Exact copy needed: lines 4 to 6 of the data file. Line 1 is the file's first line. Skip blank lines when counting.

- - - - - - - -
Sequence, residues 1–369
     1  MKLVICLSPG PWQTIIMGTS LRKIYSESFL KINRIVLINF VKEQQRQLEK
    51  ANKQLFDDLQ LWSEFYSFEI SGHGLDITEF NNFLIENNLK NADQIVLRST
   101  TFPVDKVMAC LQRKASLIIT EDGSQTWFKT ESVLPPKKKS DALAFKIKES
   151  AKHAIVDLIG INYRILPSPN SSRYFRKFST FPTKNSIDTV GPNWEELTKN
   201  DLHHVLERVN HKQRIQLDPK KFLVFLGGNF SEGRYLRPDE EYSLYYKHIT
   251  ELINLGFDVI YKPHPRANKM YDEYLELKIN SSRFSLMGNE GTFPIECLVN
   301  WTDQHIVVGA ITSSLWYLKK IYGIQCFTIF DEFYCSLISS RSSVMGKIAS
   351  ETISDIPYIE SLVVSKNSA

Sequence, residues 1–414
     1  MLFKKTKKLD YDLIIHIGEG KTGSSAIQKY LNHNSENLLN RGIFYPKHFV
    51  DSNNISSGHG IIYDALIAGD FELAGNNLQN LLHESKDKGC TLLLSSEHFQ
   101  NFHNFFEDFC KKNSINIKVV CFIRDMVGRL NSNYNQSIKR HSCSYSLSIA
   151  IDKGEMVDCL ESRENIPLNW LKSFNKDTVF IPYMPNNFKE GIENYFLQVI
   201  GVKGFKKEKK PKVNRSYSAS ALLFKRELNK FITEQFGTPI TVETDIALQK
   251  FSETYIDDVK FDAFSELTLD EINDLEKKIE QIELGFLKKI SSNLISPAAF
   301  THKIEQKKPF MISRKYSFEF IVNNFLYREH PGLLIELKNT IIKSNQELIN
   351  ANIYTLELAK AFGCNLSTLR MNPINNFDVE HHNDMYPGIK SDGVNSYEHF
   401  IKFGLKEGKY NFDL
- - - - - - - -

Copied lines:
   101  TFPVDKVMAC LQRKASLIIT EDGSQTWFKT ESVLPPKKKS DALAFKIKES
   151  AKHAIVDLIG INYRILPSPN SSRYFRKFST FPTKNSIDTV GPNWEELTKN
   201  DLHHVLERVN HKQRIQLDPK KFLVFLGGNF SEGRYLRPDE EYSLYYKHIT